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Authors: Annie Groves

Connie’s Courage

BOOK: Connie’s Courage
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ANNIE GROVES
Connie's Courage

I would like to dedicate this book to my
mother who paid me the best compliment I
have ever had in being so impatient to read
Connie's story. Here she is, Mum –
I hope you like her!

PART ONE
ONE
1912

Connie admired her reflection in the old spotted mirror she had propped up on the small chest by the window to get the best light. Not that very much light did come in through the small, filthy window of the room she and Kieron were renting in one of Liverpool's poorest areas – a huddle of terraced houses in an airless court down a narrow back alley – but Connie preferred not to think about their surroundings.

She had begged the landlord of the pub where she worked as a barmaid to let her take the mirror when his wife decided to throw it out. It was her sister Ellie who had always been considered the pretty one, and not her. She rubbed anxiously at her lips with a cloth, to try to give them a bit of colour, before applying a thin smear of Vaseline to them. She and Kieron might not have any money, but that did not mean she had to let herself go completely.

They might be living in straitened circumstances now, but things would be different once they got to America, she assured herself, picking up her skirts and whirling round, the reality of her situation forgotten, as her natural optimism brought an excited glow to her face. America! Oh, but she just couldn't wait to get there!

‘We're going to America. We're going to America!' she sang at the top of her voice, dizzy with anticipation and happiness.

But her happiness turned to a sharp stab of discomfort, as the light from the window glinted on the cheap wedding ring she was wearing. A wedding ring she had no legal right to, because she and Kieron were not married.

In reality, she was not Mrs Kieron Connolly, but still Miss Constance Pride, daughter of Robert Pride of Preston. Not that her father cared anything for her now. No, he had a second wife to replace Connie's dead mother, and a new family to displace both Connie and her siblings from his affections.

Connie still hated to think about the unhappiness she had experienced after her mother's death. The four Pride children had been split up amongst their mother's sisters, without being allowed any say in their own futures. The Barclay sisters had been renowned for their beauty and grace when they had been young, and Connie knew that her aunts had never approved of her mother Lydia's marriage to a mere butcher.

When Lydia had died following the birth of her fourth child, Ellie, Connie's elder sister, had been sent to live at Hoylake with their Aunt and Uncle Parkes.

Mr Parkes was an extremely wealthy man – a lawyer – with a very grand house in the prestigious area of Hoylake where all the rich shipowners lived. Mr and Mrs Parkes had given a ball whilst Ellie had been living with them, and Connie had been invited to attend.

She had tried not to show how overawed she felt by the unfamiliar elegance of her aunt and uncle's home, or how upset and frightened she had been by the realisation that she and her sister Ellie were living such different lives. Her elder sister had seemed like a stranger to her, and she had felt so envious of her, and the wonderful life she was living.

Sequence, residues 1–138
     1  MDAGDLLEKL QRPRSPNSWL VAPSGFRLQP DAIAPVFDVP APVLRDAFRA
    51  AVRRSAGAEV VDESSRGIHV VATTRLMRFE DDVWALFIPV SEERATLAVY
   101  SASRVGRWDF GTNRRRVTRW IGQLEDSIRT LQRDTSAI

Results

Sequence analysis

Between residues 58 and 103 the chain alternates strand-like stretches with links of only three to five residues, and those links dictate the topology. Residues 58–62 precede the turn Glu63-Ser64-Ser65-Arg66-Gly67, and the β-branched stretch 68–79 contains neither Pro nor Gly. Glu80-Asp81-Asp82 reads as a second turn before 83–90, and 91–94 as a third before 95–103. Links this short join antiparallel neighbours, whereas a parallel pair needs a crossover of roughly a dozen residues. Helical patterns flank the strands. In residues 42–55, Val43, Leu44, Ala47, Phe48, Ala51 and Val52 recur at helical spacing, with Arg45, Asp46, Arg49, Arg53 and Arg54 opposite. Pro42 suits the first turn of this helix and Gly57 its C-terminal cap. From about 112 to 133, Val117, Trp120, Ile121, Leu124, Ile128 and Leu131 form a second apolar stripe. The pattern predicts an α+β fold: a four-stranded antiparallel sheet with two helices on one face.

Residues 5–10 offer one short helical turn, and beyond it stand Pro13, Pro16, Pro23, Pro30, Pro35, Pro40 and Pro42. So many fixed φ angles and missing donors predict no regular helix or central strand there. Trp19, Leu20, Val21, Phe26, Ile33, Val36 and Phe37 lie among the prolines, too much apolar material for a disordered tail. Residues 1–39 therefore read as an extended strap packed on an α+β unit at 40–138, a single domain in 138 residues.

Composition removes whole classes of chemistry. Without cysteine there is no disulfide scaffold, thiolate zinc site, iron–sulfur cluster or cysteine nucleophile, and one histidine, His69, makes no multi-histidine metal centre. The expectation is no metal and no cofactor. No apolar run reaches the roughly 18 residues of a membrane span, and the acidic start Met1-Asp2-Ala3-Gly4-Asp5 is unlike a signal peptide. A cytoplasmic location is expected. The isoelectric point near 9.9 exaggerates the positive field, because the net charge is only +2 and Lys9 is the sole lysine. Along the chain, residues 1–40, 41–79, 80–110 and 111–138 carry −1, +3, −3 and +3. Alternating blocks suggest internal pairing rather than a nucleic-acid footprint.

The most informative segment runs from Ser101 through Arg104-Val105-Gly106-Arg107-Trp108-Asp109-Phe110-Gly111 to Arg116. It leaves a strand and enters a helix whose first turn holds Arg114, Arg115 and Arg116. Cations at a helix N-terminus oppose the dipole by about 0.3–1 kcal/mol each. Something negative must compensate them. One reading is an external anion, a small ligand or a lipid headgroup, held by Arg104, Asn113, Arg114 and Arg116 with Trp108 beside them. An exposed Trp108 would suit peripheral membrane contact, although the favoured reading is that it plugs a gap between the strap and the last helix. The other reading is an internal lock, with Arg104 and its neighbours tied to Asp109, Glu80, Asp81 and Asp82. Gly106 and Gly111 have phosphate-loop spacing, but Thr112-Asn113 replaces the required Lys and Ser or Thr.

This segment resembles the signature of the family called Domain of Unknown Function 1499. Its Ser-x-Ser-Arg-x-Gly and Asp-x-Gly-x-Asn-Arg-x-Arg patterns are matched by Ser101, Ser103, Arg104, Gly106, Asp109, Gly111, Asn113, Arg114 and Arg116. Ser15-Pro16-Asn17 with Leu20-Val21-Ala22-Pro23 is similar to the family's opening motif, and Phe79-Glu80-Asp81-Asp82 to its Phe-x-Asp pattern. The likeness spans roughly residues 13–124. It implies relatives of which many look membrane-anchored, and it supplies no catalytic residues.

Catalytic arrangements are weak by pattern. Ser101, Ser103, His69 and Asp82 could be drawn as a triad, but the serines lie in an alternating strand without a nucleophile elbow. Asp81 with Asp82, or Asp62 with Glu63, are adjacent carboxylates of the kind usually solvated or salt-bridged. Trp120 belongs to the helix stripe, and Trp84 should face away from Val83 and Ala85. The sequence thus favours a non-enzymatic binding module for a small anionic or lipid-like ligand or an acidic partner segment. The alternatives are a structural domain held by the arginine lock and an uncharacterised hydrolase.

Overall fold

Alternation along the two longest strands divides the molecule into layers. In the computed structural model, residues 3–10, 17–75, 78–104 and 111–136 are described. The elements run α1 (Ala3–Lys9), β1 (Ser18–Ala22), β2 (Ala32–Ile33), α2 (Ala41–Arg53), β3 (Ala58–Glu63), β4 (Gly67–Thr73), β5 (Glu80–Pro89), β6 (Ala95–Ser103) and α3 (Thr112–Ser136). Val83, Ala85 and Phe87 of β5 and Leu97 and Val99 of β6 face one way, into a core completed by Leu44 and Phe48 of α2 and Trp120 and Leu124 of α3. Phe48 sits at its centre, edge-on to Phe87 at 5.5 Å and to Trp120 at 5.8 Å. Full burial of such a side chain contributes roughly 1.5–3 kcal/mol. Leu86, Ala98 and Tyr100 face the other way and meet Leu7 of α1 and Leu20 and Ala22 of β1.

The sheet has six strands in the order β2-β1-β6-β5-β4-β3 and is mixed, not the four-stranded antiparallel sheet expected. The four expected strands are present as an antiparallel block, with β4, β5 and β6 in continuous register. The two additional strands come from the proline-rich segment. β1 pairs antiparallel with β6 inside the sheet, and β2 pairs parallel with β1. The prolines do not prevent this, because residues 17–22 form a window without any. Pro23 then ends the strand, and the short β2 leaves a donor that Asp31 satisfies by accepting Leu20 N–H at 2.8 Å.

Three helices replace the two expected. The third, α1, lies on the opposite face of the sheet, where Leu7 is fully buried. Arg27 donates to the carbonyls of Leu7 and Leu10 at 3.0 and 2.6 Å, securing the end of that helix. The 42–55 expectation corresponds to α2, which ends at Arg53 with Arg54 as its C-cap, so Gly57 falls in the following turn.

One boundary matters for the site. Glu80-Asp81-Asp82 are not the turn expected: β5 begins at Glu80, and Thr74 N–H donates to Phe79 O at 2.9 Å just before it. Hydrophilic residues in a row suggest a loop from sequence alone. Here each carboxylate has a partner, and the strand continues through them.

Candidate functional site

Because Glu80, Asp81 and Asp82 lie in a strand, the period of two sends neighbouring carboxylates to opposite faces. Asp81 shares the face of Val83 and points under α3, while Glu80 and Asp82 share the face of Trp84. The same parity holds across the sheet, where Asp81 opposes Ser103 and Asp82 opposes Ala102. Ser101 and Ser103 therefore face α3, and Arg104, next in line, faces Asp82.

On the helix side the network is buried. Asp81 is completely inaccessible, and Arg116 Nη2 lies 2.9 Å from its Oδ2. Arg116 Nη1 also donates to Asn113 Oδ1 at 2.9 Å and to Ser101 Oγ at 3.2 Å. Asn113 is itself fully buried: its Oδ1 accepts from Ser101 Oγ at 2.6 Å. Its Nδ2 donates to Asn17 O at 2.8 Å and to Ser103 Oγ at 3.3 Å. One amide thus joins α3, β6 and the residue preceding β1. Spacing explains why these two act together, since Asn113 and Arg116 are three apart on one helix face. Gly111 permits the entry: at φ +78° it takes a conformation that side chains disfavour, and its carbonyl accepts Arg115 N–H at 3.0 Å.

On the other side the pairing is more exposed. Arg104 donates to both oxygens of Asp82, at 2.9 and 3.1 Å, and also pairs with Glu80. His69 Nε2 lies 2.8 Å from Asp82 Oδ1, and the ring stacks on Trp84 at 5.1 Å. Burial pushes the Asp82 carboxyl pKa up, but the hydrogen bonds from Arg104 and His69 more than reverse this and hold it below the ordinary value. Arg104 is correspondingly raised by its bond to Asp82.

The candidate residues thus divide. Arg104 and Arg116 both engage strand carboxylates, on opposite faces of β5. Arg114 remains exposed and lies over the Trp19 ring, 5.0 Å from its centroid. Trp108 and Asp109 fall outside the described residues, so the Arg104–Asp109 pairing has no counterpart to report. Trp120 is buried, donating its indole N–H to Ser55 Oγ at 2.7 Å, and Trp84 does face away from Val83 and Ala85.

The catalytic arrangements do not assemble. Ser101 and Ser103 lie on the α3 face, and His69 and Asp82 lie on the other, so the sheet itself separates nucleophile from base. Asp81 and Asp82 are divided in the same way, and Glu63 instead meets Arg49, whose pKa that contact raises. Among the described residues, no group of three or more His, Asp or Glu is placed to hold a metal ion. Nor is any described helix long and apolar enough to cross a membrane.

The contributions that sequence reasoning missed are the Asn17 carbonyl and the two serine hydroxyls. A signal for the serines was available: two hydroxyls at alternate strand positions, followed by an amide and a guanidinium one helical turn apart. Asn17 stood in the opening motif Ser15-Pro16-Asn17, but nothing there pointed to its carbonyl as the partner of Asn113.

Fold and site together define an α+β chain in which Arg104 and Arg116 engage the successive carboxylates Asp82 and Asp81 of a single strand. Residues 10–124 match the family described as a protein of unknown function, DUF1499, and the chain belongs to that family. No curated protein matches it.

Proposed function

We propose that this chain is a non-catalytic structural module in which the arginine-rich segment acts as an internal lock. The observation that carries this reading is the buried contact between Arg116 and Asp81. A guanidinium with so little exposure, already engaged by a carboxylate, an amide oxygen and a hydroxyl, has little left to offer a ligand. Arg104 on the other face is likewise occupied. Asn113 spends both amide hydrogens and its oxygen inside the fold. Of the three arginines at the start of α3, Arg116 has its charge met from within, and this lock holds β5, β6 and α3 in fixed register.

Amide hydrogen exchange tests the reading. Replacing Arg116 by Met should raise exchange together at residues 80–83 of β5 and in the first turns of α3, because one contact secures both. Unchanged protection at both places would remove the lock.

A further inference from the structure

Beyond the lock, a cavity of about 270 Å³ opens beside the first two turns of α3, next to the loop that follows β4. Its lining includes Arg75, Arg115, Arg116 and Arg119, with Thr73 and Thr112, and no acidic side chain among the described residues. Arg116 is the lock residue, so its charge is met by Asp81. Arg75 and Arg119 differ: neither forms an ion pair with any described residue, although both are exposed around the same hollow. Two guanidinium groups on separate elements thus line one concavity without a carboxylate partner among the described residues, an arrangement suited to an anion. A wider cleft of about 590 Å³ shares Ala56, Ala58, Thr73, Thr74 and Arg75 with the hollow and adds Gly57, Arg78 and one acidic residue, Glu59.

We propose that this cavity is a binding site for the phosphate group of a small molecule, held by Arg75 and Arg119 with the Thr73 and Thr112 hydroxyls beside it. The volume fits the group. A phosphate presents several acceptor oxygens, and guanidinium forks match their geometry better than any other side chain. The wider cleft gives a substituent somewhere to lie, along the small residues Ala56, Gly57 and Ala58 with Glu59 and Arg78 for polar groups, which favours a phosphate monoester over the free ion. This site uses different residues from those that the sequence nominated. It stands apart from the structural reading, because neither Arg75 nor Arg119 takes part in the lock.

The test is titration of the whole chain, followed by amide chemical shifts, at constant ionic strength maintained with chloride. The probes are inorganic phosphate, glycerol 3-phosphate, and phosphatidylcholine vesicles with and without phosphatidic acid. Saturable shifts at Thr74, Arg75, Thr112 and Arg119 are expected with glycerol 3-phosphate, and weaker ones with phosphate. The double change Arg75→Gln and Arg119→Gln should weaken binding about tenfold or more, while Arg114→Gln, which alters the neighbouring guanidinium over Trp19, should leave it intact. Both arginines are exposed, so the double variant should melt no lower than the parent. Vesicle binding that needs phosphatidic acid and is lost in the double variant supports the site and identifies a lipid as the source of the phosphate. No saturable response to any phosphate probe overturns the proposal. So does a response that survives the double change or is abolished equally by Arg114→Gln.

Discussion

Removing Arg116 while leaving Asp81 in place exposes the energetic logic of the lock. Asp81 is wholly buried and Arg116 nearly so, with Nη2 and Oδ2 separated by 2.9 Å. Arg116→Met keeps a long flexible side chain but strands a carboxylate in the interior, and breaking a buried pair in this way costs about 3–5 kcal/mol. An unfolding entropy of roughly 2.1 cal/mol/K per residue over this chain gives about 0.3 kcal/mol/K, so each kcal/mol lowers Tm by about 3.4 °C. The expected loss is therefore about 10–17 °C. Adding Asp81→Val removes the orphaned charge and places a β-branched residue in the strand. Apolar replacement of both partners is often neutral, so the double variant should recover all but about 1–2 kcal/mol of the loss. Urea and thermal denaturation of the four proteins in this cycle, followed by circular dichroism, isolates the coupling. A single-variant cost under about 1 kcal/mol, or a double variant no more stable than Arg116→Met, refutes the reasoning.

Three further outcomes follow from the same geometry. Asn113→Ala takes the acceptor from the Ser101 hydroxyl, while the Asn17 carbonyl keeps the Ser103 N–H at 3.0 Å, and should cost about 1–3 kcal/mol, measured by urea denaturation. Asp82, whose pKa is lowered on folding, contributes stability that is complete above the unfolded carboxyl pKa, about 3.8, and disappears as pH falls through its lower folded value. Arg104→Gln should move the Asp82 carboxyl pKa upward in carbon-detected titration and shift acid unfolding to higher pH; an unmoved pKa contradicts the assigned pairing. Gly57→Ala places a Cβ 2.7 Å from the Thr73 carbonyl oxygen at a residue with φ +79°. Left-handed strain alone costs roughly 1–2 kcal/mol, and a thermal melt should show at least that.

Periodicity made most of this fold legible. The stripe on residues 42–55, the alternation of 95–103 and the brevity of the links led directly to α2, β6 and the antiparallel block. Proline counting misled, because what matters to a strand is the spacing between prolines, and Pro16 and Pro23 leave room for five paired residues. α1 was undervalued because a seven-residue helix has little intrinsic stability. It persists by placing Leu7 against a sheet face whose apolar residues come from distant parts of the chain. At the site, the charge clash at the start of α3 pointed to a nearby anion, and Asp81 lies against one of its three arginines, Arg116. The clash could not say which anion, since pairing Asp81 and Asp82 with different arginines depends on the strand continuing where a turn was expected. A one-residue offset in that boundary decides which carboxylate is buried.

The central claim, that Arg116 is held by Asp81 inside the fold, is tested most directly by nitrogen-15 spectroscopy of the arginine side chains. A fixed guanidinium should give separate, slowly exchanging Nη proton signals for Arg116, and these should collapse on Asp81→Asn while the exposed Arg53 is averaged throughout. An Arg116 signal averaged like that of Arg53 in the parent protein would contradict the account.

It had seemed unfair that Ellie should be living a life of luxury with the Parkes, whilst Connie was stuck in a horrid, cold rectory with their parsimonious Aunt and Uncle Simpkins.

John, their brother, and the new baby, Philip, had been sent to live at Hutton with another aunt, and Connie hadn't had any contact with her family since she ran away with Kieron.

When Ellie found out that Connie had run away from their Aunt and Uncle Simpkins to be with Kieron, she had tried to persuade her sister to return to them, claiming that Connie would be socially ruined if what she had done should become
public knowledge. But Connie suspected that Ellie was thinking more about her own social position, rather than Connie's!

Ellie had gone up in the world through her two marriages: her first into a ship-owning family, and then, when her first husband died, Ellie had married her childhood sweetheart, Gideon Walker. Gideon was a craftsman who had inherited a considerable amount of money, and a house in Winckley Square, the smartest part of Preston. This was much to the resentment of their Aunt Gibson, who also lived in the same square with her doctor husband.

Since their Aunt Gibson was used to considering herself of a much higher social status than Ellie and Connie's late mother, she no doubt thoroughly disliked having Ellie as her well-to-do neighbour. Not that Connie had any sympathy for their Aunt Gibson. She was the one who had insisted on splitting them all up following their mother's death, after all, even if she had claimed she was acting on their mother's wishes. But Ellie had been the one who had let her!

Connie had hated her life with her Aunt Jane so much. The Simpkins' household had been so different from the jolly comfort of the home she had known. She had missed its warmth, and her mother and father's love. Her Aunt and Uncle Simpkins had certainly not loved her. They had forever been finding fault with her. When she had met Kieron, she had been so thrilled and relieved to meet someone who seemed to love her. Kieron
had certainly told her that he loved her. In fact, his boldness had overwhelmed her a little, and, if she was honest, made it impossible for her to think straight.

Deep down inside, Connie knew that their mother would never have approved of someone like Kieron as a husband for her. For one thing, they were of different religions, but, even more important in her mother's eyes, would have been the fact that Kieron had such a different background to her own. Connie's father was a respectable, hard-working butcher with his own business. A man who could hold his head up in any company. Connie's mother came from even more respectable stock. Kieron's family …